Rising prices have spilled over into other sectors outside of airfare and other travel-related expenses such as hotels, raising the specter that inflation could be more durable.
Housing costs saw a year-on-year increase to 2.4%, while dining out was 4.6% higher, as the increased cost of service staff wages started being translated to diners.
While an increasing number of policymakers are calling for the Fed to scale back its US$120 billion-a-month asset purchases of mortgage-backed securities and U.S. Treasuries, the central bank has maintained that it will keep up the pace until it sees “substantial further progress” on its policy objectives of 2% average inflation and maximum employment.
And while there are signs that the economy recovering, the slowing pace of price increases could also portend to signs the delta variant is starting to bite.
The far more virulent delta variant that is rippling across the United States is causing infection numbers to spike dramatically, by as much as tenfold, putting pressure on healthcare infrastructure once again.
Which is why the Fed is understandably cautious about withdrawing support to fast, too soon and that should help the investment case for equities in the medium term.

Did you miss us at the Super Crypto Conference 2021? Watch it here...



2. Red Hot Property Sector in Sunny Singapore

  • Real estate market in Singapore is glowing red hot thanks to overseas money pouring into the city-state's condos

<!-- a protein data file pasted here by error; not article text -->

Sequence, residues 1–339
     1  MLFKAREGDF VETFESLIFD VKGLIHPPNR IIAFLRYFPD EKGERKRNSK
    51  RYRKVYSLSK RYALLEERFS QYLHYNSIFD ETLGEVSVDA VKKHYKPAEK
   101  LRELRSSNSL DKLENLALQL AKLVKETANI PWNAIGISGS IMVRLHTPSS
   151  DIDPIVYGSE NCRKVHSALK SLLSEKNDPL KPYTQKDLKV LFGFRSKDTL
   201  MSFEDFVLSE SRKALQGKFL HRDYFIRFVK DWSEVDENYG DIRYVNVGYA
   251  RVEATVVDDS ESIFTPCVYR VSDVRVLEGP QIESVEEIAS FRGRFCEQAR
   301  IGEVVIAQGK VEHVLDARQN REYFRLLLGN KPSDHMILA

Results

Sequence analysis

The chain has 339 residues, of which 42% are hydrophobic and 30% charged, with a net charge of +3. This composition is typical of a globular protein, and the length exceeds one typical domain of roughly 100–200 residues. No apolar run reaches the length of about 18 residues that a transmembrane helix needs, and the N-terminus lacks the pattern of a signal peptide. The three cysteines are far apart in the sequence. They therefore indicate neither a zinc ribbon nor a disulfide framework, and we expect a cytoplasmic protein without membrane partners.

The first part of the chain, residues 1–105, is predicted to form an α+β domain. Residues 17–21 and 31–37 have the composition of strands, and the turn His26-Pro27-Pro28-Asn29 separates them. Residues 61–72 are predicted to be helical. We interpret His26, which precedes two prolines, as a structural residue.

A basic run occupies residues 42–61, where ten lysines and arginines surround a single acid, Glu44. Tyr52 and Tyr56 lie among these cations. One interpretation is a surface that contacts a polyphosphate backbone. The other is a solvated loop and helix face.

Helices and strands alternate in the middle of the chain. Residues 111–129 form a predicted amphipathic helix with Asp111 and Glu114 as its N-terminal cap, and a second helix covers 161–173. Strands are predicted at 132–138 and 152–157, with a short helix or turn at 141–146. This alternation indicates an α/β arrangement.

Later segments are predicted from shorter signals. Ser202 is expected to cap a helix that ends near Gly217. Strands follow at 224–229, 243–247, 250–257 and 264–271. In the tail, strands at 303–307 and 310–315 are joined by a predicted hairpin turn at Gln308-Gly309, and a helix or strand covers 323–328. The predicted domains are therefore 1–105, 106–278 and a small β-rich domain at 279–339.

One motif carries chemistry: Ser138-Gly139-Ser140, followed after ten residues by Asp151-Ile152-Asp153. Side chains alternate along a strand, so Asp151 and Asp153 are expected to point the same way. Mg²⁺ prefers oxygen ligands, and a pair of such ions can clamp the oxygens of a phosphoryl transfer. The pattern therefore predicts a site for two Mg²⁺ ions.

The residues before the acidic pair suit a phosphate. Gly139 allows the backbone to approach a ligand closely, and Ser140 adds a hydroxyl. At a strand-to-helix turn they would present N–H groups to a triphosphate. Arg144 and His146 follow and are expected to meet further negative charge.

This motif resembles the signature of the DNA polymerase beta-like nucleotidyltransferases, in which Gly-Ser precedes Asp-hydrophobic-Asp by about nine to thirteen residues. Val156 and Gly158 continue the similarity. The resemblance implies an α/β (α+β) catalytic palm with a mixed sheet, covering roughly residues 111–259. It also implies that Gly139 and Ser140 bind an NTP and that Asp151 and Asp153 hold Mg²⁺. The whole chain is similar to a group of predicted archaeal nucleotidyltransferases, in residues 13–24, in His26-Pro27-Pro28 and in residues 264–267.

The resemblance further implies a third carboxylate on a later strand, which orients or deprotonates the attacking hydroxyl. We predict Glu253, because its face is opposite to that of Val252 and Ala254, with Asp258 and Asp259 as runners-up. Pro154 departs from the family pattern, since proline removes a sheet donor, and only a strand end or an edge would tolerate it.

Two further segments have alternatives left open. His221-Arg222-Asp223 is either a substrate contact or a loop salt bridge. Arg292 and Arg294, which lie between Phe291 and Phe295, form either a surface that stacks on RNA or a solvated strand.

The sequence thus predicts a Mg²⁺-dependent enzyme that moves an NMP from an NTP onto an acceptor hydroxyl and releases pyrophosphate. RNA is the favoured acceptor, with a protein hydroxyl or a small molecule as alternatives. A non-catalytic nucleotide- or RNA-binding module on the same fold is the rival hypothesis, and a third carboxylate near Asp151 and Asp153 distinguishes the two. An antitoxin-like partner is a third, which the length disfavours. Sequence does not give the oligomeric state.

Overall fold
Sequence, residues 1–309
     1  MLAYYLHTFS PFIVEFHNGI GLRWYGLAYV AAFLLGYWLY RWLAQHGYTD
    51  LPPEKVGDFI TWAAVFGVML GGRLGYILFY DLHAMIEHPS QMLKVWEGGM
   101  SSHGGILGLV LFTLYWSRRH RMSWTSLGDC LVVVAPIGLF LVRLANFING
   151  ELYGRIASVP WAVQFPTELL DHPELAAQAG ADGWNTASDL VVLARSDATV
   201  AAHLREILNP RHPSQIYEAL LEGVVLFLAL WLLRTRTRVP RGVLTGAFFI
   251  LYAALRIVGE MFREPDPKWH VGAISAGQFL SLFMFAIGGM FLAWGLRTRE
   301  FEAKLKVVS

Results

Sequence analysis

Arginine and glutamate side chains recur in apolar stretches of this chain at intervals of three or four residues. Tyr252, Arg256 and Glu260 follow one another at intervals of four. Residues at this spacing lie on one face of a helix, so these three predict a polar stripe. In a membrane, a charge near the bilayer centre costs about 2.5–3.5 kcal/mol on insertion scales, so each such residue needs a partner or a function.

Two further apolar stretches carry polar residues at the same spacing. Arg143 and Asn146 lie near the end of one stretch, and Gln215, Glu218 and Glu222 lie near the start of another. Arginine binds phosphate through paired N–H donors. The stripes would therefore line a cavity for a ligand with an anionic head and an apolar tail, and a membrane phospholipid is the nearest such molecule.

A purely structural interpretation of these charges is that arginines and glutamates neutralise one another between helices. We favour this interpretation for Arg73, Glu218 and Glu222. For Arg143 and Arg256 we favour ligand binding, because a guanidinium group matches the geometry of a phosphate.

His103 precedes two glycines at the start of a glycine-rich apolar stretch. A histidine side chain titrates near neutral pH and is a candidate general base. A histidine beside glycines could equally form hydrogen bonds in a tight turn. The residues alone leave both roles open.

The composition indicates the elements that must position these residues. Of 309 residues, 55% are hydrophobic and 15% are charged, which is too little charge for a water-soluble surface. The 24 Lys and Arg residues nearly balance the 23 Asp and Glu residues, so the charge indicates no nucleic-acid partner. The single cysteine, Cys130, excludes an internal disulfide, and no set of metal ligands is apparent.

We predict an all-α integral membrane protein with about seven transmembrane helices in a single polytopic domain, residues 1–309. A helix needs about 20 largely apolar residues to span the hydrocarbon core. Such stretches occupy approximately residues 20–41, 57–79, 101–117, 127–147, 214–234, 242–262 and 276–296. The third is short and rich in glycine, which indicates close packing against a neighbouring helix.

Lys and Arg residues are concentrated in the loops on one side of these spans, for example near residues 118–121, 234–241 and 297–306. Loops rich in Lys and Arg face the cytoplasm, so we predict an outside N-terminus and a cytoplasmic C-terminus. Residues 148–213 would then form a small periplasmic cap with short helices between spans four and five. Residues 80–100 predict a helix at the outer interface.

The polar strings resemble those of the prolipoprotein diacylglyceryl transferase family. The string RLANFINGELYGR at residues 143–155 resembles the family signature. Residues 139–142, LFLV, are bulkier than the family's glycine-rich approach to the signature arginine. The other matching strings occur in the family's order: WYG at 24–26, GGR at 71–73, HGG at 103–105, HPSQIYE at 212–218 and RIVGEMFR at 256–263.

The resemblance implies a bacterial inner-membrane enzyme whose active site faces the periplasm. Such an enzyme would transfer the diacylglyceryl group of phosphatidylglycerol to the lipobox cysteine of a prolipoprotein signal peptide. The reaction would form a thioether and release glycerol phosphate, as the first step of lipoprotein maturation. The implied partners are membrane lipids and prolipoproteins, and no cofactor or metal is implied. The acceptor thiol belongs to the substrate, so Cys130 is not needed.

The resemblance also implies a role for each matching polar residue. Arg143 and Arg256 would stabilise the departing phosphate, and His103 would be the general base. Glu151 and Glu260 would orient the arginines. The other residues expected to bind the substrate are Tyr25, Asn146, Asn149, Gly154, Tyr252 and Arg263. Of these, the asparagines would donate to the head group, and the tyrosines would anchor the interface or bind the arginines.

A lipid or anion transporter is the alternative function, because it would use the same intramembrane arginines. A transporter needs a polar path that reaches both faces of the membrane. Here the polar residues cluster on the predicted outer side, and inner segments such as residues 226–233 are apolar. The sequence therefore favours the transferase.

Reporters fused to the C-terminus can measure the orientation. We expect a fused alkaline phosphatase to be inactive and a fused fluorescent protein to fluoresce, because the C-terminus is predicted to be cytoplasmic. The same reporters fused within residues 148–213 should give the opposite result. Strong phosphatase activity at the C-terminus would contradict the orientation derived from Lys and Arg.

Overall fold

• Government may be forced to take action to reign in prices to prevent social discontent as inequality rises 
Singapore can sometimes seem a record-obsessed city-state and perhaps this may be due in no small part to its geographically small size and desire to punch well above its own weight.
Nowhere has this been more apparent than its increasingly frothy real estate market where a local tech billionaire plunked down US$95 million for a mansion while near an upscale shopping district, a Taiwanese grocery empire spent US$216 million to snap up all the units in an exclusive condominium development.
As the pandemic raged across much of the rest of the world, Singapore’s strict rules and largely compliant population helped to ensure that life in the city-state of some 5.7 million people was kept as normal as possible.
And that helped to attract massive funds into Singapore’s red-hot residential market, with US$24 billion spent in the first half of this year alone, the most in over a decade and double what was recorded in Manhattan over the same period.
But inflation is just one of the drivers that is leading the ranks of the superrich to stuff their cash into luxury properties across the globe, with Singapore being on trend, rich Asians are also quietly shifting funds out of Hong Kong, for fear of further political turmoil,
Real estate prices in Singapore have surged by a record 4.1% in the first half of this year alone, as tycoons from across the region plonk down some serious change in the city-state that prides itself on safety, security and efficiency – key factors during uncertain times.
Singapore can also pride itself in achieving an enviable vaccination rate of over 68%, which has helped lift pandemic restrictions and will facilitate a path to normalcy for the country.
But real estate is an emotionally and politically-charged sector in an island that is just 0.11% the size of Texas.